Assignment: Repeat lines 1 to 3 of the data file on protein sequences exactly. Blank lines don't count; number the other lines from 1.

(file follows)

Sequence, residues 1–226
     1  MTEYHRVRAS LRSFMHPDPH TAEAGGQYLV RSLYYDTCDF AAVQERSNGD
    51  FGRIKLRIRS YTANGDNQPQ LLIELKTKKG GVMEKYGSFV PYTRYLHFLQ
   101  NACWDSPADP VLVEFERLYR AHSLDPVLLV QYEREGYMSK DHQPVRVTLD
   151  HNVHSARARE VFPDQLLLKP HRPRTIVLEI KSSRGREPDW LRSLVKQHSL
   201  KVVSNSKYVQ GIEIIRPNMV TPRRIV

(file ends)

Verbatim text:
Sequence, residues 1–226
     1  MTEYHRVRAS LRSFMHPDPH TAEAGGQYLV RSLYYDTCDF AAVQERSNGD
    51  FGRIKLRIRS YTANGDNQPQ LLIELKTKKG GVMEKYGSFV PYTRYLHFLQ